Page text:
Man-Eating Elephants in India?
In a fight for space, tigers and elephants have been attacking villagers.
Feb. 16, 2011— -- Humans aren't natural prey for elephants and tigers, but in the Sundarban islands of West Bengal, India, an alarming number of people have been attacked -- even eaten -- by these wild beasts.
In one part of the country, there have been reports of elephants going on a rampage, trampling homes and killing around 200 people in the past year. In one bizarre case, this typically plant-eating animal reportedly ate a human.
In another part of the country, tigers, who have developed an appetite for human flesh, reportedly killed 14 people in one village alone last year.
"Tigers generally aren't man eaters," said Dave Salmoni. "It's anomaly when an animal decides to start eating people."
Salmoni is a zoologist and an animal trainer who specializes in predators. The host of several Animal Planet shows, Salmoni will also appear on the upcoming Animal Planet special, "World's Deadliest Towns," on Feb. 21.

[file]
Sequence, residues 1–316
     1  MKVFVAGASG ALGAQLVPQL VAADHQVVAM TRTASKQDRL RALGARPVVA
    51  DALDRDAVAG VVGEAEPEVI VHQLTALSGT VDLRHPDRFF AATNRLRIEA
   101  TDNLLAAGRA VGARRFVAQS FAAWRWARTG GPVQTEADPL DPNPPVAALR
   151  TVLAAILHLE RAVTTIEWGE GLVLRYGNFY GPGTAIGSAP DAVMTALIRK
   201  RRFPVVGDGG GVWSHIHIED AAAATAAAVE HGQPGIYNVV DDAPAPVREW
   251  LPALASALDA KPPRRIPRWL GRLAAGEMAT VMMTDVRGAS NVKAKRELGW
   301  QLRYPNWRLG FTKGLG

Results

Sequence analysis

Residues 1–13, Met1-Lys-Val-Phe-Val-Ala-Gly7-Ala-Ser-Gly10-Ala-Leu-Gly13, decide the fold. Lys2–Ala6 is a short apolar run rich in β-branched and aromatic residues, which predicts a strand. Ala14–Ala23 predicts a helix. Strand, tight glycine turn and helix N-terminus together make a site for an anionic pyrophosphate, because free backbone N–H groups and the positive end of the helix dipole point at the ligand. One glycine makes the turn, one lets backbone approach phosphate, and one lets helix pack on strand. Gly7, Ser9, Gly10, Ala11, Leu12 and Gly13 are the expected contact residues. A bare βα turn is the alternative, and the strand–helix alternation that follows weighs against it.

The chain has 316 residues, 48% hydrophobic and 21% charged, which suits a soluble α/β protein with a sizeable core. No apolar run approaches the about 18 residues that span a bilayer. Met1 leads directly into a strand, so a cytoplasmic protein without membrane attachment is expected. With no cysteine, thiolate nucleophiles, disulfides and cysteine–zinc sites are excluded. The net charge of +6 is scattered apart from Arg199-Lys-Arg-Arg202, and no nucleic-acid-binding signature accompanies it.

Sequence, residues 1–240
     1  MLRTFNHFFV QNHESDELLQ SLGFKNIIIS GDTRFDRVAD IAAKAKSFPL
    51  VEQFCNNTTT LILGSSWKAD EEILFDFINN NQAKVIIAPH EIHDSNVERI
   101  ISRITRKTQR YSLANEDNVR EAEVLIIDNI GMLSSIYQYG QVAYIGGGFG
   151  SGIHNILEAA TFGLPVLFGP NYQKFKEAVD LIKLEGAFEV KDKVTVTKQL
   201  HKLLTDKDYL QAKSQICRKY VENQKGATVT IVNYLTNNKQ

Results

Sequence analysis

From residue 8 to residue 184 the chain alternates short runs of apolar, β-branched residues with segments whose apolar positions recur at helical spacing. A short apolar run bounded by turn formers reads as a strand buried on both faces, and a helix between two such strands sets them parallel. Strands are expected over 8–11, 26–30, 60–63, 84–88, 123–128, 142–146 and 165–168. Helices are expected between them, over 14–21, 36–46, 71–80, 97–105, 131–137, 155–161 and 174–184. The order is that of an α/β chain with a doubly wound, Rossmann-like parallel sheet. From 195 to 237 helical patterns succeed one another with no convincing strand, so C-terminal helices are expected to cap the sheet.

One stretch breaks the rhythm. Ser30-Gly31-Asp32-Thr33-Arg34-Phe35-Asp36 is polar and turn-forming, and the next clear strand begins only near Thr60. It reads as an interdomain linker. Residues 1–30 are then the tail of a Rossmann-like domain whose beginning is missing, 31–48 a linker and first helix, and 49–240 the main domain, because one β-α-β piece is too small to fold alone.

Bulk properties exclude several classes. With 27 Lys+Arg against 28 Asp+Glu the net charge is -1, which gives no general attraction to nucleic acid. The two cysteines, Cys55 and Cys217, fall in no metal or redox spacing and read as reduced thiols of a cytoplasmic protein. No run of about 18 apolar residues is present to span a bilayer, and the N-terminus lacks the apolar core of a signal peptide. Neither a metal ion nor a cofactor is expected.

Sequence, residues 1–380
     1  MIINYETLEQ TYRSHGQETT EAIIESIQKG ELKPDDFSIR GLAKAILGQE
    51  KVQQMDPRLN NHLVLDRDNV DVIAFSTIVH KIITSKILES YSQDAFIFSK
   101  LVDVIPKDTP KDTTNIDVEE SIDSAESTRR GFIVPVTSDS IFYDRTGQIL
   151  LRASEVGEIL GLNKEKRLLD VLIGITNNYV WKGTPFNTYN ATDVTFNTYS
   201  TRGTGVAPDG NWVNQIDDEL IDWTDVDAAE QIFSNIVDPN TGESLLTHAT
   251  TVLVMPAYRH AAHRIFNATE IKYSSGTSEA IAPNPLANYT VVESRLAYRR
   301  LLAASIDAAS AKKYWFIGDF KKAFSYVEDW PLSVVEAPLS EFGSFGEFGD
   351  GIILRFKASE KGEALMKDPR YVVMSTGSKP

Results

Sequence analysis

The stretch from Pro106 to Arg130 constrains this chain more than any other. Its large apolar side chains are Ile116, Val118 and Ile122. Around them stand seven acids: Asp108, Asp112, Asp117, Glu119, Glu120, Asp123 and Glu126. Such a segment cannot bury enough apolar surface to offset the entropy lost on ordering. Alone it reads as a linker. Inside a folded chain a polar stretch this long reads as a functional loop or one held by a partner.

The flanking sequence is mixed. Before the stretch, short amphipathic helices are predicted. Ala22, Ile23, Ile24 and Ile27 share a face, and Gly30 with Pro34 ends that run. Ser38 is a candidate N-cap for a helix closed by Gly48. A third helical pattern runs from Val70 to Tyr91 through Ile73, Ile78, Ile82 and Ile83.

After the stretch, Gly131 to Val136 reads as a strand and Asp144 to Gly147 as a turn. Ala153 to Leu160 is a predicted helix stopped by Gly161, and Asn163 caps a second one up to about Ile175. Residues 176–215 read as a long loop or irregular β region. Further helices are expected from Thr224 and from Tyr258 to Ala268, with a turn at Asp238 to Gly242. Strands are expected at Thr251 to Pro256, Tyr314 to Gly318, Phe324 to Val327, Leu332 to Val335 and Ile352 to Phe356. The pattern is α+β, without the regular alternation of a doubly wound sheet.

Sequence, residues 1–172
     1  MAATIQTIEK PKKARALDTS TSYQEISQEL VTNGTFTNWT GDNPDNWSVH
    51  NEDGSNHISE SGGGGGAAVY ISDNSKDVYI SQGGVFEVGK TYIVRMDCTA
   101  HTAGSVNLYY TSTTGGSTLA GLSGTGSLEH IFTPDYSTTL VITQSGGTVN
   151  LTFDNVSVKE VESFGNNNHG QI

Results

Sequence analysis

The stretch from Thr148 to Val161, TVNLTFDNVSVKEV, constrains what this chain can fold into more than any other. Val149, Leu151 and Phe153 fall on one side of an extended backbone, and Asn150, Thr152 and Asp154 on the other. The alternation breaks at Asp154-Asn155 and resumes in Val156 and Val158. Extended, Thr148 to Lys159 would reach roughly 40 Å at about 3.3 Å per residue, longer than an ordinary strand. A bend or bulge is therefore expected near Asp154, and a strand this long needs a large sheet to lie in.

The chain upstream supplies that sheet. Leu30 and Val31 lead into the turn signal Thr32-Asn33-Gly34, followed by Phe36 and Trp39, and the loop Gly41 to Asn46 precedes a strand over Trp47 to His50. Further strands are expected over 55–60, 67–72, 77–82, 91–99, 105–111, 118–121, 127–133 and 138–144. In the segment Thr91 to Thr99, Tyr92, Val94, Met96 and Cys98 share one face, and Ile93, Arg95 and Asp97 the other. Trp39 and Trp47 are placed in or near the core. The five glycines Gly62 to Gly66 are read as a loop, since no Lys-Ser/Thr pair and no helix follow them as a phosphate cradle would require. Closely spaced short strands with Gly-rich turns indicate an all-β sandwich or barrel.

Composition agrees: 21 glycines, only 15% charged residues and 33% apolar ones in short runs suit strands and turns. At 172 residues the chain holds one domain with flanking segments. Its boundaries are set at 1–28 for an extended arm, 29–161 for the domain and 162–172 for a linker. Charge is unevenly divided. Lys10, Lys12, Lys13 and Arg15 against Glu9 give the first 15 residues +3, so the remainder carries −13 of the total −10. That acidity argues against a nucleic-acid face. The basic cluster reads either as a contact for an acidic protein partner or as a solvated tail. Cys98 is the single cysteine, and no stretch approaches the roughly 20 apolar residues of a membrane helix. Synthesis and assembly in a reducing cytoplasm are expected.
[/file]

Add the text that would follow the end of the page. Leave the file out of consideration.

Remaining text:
A tiger that can weigh up to 650 pounds and grow up to 11 feet long is clearly at the top of the food chain, and Salmoni explained that these fierce animals have overtaken the land in the Sundarban islands.
"It's the only place in the world I've ever been in the bush...I feel like I'm being hunted," he said.
The World Wildlife Fund estimated that only about 3,200 tigers are left in the world. At the same time, the number of tiger attacks in this part of India is up 30 percent over the past decade, according to Salmoni.
Some experts believe environmental issues and a rapidly growing human population in the region are reducing their habitat and their natural food supply, and forcing them into villages.
The United Nations' Intergovernmental Panel on Climate Change announced in 2007 that rising sea levels could submerge 17 percent of Bangladesh by 2050, which would completely flood the mangrove forests that are the natural habitat for the Bengal species.
Thousands more humans are also going into the Sundarban forests to hunt and clear more land for farming, which further encroaches on the tigers' and elephants' territories, according to the International Union for the Conservation of Nature.
World's Deadliest Towns airs Monday, Feb. 21 at 8 p.m. ET on Animal Planet